The Last Love of George Sand: A Literary Biography

Evelyn Bloch-Dano, Author
Evelyne Bloch-Dano, trans. from the French by Allison Charette. Arcade, $24.95 (288p) ISBN 978-1-61145-716-2
Reviewed on: 01/14/2013
Release date: 02/01/2013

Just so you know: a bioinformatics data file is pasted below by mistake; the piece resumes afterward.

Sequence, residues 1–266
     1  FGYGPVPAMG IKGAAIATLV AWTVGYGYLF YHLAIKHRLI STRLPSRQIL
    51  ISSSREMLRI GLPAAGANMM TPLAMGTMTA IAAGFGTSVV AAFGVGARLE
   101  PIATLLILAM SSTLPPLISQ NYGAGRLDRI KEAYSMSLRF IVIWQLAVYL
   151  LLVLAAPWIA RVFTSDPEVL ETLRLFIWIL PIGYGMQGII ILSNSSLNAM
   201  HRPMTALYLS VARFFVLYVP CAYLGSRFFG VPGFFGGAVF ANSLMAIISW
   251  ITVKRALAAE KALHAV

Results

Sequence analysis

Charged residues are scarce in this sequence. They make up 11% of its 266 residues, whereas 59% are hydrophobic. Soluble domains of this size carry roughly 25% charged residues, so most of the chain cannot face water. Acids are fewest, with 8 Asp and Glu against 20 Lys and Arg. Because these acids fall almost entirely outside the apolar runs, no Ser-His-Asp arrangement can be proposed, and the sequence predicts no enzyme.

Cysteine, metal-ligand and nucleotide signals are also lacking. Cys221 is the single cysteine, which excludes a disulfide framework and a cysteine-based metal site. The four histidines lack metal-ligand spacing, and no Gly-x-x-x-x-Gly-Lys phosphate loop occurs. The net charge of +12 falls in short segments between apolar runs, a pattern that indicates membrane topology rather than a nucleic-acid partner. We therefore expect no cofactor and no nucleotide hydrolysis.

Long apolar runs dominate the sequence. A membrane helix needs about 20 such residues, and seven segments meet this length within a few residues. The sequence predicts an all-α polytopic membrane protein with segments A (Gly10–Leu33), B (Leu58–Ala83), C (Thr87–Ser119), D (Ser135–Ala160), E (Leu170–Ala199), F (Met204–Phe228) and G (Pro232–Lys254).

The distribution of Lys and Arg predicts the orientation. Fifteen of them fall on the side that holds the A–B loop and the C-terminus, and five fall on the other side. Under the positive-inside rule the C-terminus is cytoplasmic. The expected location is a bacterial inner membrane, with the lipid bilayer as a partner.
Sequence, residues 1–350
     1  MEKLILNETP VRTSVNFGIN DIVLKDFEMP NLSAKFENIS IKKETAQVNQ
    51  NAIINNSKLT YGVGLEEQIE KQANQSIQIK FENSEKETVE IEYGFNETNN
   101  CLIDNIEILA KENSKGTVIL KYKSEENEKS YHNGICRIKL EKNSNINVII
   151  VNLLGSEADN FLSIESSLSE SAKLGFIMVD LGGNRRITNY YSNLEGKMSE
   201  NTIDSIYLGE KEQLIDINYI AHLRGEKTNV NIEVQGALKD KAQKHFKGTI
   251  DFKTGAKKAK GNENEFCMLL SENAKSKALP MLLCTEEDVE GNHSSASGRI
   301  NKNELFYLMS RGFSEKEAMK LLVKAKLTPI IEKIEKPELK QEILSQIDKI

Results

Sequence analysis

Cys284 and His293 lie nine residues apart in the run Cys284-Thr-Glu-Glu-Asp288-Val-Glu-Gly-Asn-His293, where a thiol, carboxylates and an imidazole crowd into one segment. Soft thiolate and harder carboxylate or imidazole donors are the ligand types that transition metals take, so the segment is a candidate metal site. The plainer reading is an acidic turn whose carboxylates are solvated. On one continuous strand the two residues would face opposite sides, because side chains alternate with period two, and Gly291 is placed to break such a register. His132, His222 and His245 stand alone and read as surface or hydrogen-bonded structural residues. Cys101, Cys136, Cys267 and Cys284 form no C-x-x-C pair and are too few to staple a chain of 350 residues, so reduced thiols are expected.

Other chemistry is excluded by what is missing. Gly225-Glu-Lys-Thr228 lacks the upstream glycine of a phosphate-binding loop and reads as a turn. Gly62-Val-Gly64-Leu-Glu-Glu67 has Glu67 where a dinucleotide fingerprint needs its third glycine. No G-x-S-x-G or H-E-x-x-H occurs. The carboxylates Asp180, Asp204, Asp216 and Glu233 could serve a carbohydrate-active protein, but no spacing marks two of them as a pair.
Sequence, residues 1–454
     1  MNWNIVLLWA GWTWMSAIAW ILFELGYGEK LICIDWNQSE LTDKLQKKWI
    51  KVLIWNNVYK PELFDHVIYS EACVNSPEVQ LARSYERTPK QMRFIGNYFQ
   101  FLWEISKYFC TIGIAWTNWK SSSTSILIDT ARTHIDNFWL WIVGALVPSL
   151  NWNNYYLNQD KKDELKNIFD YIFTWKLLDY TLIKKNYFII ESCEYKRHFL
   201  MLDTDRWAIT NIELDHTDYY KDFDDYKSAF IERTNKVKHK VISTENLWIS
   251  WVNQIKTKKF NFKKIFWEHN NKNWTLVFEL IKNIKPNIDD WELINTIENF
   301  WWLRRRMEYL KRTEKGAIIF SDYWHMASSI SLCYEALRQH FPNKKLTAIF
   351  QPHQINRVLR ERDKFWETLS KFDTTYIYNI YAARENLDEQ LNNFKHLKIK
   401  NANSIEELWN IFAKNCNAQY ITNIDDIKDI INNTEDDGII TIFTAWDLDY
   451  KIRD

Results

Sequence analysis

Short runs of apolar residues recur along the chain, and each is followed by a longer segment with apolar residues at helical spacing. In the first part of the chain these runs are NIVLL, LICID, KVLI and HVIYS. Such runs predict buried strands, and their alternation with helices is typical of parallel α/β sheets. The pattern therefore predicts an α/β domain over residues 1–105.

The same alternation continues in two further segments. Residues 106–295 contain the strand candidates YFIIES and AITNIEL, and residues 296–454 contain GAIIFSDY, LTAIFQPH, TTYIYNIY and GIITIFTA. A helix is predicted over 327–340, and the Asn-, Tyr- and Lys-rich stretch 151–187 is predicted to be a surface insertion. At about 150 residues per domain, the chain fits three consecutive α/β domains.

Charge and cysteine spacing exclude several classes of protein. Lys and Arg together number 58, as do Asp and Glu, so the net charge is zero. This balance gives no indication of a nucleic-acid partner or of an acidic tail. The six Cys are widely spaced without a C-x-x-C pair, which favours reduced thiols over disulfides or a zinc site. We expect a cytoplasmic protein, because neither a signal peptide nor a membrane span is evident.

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A writer whose work was often compared to that of Flaubert, Stendahl, and Balzac, George Sand had her choice of celebrity lovers (among them Chopin and Mérimée) but found “the man of her dreams” in a relatively unknown artist who was 13 years her junior, as this impassioned biography contends. That man was Alexandre Manceau, an engraver who was friends with Sand’s son, Maurice, and who moved in 1849 to Nohant, where a dispirited Sand was recovering from the failed revolution of 1848. Focusing on the years 1849 to 1865 (the year of Manceau’s death), Bloch-Dano (Madame Proust) uses the couple’s experiences as touchstones for exploring key aspects of Sand’s life: her gloomy first marriage; her relationship with her son and daughter, Solange; the salon society of leading literati and Continental artists to which she belonged; her bohemian lifestyle; her fervent support of the Republic; and her prodigious literary output. During these years, Sand published a staggering 26 novels and 20 plays, many of them facilitated by Manceau’s involvement in her life. Bloch-Dano brings Sand vividly to life through a wealth of quoted letters and memoirs, though somewhat at the expense of Manceau, who never really emerges from Sand’s shadow. Charette’s translation is serviceable, though sometimes clichéd. Nevertheless, readers who know Sand largely through her outsized literary reputation will find this portrait of her as a love-smitten romantic intriguing. The French Publishers’s Agency. (Mar.)
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